Boys and their Toys…

A stroll with the new camera gave me a few opportunities to try out the new camera… This Purple Roller family really tested me… bot photos of the parents the focus is not quiet on the bird, but rather the surrounding twigs… the young though I seem to have got right… having a hell of a lot of fun working it all out….

Parent…

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Other parent…

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and the youngster…

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The Drongo and the Roller… a territorial battle.

The Fork tailed Drongo is an aggressive and fearless birds, given their small size, and will attack much larger species, including birds of prey if their nest or young are threatened.

Observations show that the Fork-tailed Drongo in Africa are capable of using deceptive mimicked alarm calls to steal food from birds like pied babblers and animals such as meerkats.

Fork-tailed Drongos spend a quarter of their time following other animals. Sometimes when a predator is approaching, drongos act as sentries and warn their neighbours with genuine alarm calls.

But drongos also earn quarter of their daily calories by acting like “The Boy Who Cried Wolf” and sound a false alarm when the other animal finds food. When the meerkats and babblers flee from the non-existent predator, the drongo steals their food.

He will also attack and try to frighten other birds into leaving an area where it is feeding, specially birds that feed on similar foods to it. The Purple Roller is in direct competition for food with the Drongo, so they will try to get them to flee…. in this case unsuccessfully….

The Drongo……

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The fly passed…

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The Attack….

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and then the return to perch after an unsuccessful attempt…..

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Yes … more of the same… how boring….

“Is it the Purple Roller again?” I hear you say… and my answer is “Yes”.. why am I so absorbed by this bird? I have been photographing birds for seven odd years now (seriously that is) and this is the first time I’ve seen this bird. To have it in the same area 3 days in a row, tells me they have a nest there and today I found it. How? One of them flew out of a hole in a tree…. and when they spotted me they sat apart and made loud noises at me…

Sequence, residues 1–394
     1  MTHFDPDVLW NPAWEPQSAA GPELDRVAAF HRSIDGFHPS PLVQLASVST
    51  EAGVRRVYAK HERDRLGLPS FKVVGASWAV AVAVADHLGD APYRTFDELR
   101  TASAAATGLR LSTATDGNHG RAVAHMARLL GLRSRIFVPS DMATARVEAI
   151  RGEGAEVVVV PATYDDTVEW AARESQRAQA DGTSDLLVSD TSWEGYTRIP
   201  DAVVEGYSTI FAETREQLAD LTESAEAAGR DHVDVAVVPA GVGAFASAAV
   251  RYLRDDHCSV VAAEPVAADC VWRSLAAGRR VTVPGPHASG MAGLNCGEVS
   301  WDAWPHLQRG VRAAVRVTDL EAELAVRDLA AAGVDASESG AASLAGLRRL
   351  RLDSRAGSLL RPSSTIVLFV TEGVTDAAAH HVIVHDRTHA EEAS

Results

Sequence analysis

I tried a video clip so that you could hear them, but my health and shakes makes it unworthy of up loading… sorry…

I don’t blame you if you switch out now, but I just love this bird…

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Now this one is a test to see what it would look like as a pencil drawing… I wish I could do this by hand…

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To be or not to be… a bird with a cricket.

My morning stroll took me close to where I had photo’d the Purple Rollers. The calls told me they were still in the same area. Could they have a nest here?

This species seems to be an opportunist breeder, possibly linked to rains, as its breeding season varies from place to place. It nests in natural hollows in trees or uses old woodpecker holes, usually laying 3 white eggs. The young are fed and incubated by both parents.

I spotted the one being chased by the Forked Tailed Drongo, in fact by two of them. As they are both similar in feeding habits, it was not unusual to see the one being chased off. They both spend long periods perched at the top of thorn trees or poles, watching for food items such as insects, spiders, scorpions and small lizards on the ground.

The other had caught a meal and was sitting with it in its beak… could I get a shot of that? Yes………….

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and what was that in its mouth??? Acanthoplus discoidalis (armoured ground cricket, armoured bush cricket, corn cricket, setotojane or koringkrieke) is a species of katydid that is native to Namibia, Botswana, and South Africa Zimbabwe. They are wide-bodied, flightless and can grow to around 5 cm. Their thorax is covered in sharp spines and they have a pair of strong biting jaws. They are able to defend themselves against predators in an unusual manner by squirting haemolymph (insect blood) out of their bodies. Their populations peak in autumn and their bodies often litter roads during this time. When deprived of protein and salt they can become cannibalistic.

Here’s a photo of one, a horrible cricket to have crawl over you at night…..

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But this one was to be a meal for the bird, or was it? The Roller did not eat this catch yet sat calling its mate and I waited for at least ten minutes…. I think this was to be a meal for the young and it was not prepared to show me where the nest was… Well I got good photos again and that made it all worth the walk…

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All in the family… One more beautiful than the other

Lets keep it in the family!!!.. On more beautiful than the other, but actually both beautiful…

We have the Lilac-Breasted Roller and the Purple Roller that grace our continent and we have the European Roller that visits our shores. All are so colourful and unusually marked.

The Lilac-breasted Roller (Coracias caudatus)…

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and the Purple Roller (Coracias naevius)….

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Still well coloured….

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